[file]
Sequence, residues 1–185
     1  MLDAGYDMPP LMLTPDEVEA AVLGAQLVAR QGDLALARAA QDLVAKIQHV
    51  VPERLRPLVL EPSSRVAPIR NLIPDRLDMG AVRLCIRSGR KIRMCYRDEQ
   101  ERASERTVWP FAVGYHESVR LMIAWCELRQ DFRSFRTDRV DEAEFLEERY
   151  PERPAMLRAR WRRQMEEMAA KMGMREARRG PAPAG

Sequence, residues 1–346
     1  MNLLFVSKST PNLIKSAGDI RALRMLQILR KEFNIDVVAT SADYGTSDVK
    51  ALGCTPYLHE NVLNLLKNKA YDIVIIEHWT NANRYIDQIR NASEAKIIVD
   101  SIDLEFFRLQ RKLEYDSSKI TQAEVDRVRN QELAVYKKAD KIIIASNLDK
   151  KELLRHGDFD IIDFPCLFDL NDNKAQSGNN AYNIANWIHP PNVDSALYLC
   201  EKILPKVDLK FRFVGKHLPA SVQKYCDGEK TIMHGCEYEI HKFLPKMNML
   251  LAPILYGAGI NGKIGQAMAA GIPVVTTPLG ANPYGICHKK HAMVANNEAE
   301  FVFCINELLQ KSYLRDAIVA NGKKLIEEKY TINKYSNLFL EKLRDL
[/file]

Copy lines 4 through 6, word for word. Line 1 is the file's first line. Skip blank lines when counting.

   101  ERASERTVWP FAVGYHESVR LMIAWCELRQ DFRSFRTDRV DEAEFLEERY
   151  PERPAMLRAR WRRQMEEMAA KMGMREARRG PAPAG

Sequence, residues 1–346